Finally got a chance to do some street tuning of the Miata with my dad behind the wheel and me in the passenger seat focused on the laptop computer. We started off slow just in the neighborhood and as we gained more confidence we ventured further away. Filled up with fresh 93 octane fuel. Did some auto tuning and tried to hit as many throttle position / rpm bins as we could, riding the brake to simulate loads when necessary.
Coolant temps were stable around 200F the whole time, with brief spikes to 215F immediately after a hot restart (when we filled up gas) and during a few wide open throttle runs, which seems reasonable. But my intake air temps (MAT) were much higher than desired, especially given it was a cool day (50F). I think this is due to the coolant return hard pipe that is routed right underneath my velocity stacks. I’ll need to insulate this bare aluminum pipe with some fire sleeve and possibly fabricate a splash shield to go between the pipe and the air filter and insulate it with some of that gold foil stuff. I’ve got some ideas….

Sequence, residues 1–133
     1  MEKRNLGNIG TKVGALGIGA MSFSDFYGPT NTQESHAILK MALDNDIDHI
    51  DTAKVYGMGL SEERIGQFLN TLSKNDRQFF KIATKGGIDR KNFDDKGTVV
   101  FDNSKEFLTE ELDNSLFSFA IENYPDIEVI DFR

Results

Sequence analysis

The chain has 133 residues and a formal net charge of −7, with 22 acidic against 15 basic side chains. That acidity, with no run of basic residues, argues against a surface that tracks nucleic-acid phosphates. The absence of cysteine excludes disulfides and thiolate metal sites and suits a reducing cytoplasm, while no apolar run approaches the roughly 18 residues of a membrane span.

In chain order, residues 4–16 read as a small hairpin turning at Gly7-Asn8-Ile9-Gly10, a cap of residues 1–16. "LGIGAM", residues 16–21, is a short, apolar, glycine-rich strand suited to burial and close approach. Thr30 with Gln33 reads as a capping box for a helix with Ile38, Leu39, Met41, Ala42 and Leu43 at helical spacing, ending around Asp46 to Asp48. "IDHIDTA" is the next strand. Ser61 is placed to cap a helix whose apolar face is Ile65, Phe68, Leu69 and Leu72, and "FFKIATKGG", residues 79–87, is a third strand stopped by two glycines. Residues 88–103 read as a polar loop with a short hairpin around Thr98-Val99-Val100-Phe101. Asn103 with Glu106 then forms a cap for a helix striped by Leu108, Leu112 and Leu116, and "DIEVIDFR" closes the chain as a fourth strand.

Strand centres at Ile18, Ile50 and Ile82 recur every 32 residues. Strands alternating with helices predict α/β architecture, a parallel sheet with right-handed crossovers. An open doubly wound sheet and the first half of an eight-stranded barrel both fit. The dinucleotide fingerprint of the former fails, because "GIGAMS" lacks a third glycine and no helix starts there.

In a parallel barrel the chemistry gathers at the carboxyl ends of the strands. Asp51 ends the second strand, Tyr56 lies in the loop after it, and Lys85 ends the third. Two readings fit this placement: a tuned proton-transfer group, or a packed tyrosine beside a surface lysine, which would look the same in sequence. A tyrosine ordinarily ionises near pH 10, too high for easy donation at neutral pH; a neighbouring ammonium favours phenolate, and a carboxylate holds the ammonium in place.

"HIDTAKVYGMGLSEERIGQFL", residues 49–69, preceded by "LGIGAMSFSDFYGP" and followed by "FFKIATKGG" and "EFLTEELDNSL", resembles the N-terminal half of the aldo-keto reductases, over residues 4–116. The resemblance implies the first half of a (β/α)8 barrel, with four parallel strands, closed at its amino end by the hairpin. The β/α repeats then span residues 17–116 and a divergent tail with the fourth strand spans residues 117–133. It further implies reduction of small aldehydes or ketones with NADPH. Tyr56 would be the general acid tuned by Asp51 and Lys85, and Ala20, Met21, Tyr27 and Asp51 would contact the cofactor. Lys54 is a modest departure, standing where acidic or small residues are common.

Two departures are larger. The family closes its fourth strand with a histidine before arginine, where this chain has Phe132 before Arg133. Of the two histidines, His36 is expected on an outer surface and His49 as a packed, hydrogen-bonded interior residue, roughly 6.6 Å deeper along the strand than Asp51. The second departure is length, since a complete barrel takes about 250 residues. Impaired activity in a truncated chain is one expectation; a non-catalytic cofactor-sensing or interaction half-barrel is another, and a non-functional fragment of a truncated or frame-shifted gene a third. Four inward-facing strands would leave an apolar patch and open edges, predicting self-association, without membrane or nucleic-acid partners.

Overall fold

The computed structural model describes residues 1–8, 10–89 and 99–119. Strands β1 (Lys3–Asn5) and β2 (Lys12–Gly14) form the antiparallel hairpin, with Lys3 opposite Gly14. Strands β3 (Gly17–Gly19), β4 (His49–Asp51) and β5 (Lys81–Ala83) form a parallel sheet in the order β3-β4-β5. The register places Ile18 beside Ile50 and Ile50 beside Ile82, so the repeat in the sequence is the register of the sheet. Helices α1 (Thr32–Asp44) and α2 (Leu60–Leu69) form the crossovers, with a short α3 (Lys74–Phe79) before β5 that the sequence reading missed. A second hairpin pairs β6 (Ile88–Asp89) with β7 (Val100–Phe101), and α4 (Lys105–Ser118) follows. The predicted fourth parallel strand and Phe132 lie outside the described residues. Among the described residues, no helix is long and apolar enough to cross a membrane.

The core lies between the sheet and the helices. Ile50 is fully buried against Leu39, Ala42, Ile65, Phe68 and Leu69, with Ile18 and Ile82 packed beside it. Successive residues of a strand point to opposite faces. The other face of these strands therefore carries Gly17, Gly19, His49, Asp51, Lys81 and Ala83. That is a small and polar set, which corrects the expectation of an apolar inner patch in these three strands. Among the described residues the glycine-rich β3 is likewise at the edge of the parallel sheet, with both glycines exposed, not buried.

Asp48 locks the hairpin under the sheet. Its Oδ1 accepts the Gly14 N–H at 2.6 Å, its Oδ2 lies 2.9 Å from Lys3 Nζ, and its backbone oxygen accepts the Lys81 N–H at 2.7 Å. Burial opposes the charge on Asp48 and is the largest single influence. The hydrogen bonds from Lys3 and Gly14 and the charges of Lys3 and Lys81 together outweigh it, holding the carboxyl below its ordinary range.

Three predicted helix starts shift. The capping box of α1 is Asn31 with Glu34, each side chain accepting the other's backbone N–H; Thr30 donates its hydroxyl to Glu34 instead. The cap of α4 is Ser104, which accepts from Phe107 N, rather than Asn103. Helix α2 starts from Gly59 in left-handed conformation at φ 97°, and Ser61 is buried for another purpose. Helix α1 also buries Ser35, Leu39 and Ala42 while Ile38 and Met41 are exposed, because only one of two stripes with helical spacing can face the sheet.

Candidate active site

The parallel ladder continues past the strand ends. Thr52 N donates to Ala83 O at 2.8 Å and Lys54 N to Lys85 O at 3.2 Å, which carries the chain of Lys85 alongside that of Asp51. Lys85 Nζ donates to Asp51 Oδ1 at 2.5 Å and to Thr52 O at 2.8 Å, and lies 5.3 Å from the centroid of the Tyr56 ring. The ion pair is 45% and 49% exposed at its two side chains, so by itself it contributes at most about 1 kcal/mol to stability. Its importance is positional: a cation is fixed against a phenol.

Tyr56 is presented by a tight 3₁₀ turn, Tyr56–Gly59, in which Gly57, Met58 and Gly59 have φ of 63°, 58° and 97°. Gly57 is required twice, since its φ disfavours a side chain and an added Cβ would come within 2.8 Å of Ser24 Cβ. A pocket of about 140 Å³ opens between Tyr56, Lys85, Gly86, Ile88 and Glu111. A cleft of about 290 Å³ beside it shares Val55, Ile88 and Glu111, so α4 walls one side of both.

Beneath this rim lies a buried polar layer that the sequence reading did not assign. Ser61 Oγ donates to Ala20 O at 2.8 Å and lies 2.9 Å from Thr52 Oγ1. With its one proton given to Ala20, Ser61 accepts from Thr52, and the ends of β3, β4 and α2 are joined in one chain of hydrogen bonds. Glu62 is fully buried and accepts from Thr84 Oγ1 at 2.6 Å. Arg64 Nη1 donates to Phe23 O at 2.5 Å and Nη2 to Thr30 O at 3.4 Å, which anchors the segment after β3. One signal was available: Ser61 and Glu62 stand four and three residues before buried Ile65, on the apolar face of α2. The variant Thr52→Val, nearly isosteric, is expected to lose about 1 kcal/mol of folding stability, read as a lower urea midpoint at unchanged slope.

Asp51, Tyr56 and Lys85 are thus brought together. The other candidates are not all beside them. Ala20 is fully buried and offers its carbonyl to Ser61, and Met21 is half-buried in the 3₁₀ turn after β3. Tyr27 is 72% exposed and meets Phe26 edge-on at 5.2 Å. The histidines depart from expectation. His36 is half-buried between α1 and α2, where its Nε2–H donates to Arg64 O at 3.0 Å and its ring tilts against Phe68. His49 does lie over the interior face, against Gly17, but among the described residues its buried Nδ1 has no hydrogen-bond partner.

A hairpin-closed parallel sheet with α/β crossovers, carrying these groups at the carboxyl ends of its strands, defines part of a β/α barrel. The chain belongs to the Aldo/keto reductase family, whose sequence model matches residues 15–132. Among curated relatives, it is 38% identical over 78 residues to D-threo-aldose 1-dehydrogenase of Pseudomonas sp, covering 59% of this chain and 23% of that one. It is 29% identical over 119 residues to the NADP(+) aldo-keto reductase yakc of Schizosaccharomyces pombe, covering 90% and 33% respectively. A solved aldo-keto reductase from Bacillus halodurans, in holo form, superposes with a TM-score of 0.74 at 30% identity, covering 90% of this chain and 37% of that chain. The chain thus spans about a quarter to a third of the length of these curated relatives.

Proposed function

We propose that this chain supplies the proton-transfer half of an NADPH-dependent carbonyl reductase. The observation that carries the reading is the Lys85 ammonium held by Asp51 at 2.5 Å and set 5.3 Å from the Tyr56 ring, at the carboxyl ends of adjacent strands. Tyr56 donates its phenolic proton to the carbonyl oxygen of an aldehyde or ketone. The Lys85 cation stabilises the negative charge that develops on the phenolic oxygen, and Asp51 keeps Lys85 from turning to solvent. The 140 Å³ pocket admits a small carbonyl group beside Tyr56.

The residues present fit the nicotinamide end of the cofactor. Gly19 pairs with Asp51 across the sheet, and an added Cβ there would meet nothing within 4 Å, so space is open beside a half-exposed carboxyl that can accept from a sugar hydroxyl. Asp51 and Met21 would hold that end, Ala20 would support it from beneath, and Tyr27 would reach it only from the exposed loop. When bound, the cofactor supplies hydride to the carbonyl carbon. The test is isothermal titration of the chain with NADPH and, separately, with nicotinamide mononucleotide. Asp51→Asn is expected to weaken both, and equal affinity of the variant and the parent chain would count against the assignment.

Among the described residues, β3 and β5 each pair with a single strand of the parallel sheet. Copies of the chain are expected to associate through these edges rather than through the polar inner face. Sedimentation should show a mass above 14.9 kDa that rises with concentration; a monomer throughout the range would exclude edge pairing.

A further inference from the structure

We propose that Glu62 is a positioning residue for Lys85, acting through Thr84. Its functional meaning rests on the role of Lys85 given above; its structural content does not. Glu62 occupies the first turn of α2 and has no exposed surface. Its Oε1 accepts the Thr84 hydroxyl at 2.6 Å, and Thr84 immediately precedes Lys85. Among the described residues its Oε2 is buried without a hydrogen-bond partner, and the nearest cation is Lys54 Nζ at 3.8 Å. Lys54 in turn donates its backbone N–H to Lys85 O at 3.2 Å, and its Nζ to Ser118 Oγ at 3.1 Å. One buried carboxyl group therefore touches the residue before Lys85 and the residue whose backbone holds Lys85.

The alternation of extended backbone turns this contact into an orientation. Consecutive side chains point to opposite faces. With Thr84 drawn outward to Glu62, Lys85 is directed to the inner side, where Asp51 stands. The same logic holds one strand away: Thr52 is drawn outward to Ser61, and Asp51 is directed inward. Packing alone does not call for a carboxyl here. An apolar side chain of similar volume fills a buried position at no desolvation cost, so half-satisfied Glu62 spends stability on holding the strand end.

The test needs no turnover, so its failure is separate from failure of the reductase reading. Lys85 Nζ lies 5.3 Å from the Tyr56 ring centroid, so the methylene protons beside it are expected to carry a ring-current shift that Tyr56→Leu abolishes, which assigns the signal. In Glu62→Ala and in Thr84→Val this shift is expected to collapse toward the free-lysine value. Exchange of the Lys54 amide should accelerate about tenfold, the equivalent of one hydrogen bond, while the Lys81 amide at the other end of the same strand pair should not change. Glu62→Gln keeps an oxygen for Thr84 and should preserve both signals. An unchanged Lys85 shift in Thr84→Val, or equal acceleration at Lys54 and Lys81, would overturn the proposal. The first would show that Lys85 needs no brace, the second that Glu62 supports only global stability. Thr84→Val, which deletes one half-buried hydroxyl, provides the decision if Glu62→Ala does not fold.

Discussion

I’d say the tune is about 25% of the way there. I have some pesky sync loss errors that need to be addressed before I feel confident enough to spend the $ to book the dyno time to really get this thing dialed in. Not really sure where to begin fixing those, but I might just start by throwing new cam and crank angle sensors at it. I’m think I’m also going to revert to MS3 1.4.1 firmware as the developers of 1.5.0 paid no mind to Alpha-N users when they added the new “engine states” feature that uses different logic than before to determine when the engine is in overrun. Because I have no MAP sensor connected to my engine I have disabled the Overrun Fuel Cut feature for now.
We definitely need some acceleration enrichment to address the poor drivability immediately off idle. With ITBs, at very small throttle openings, very small changes in throttle position results in very large changes in the amount of air entering the motor. This can only be overcome with acceleration enrichment. The manual recommends tuning AE only once the main VE table is dialed in, but in this case I don’t think I have much choice. I’ll have to add some AE to address that one area and then retune. It’s all iterative. Same thing with my after start enrichment (ASE) % and taper and warm up enrichment (WUE) settings. To get started I did what I had to do to keep the car running until it was up to operating temperature. But now that we’ve changed so many parameters on the VE1 table I need to go back and spend more time dialing in those settings.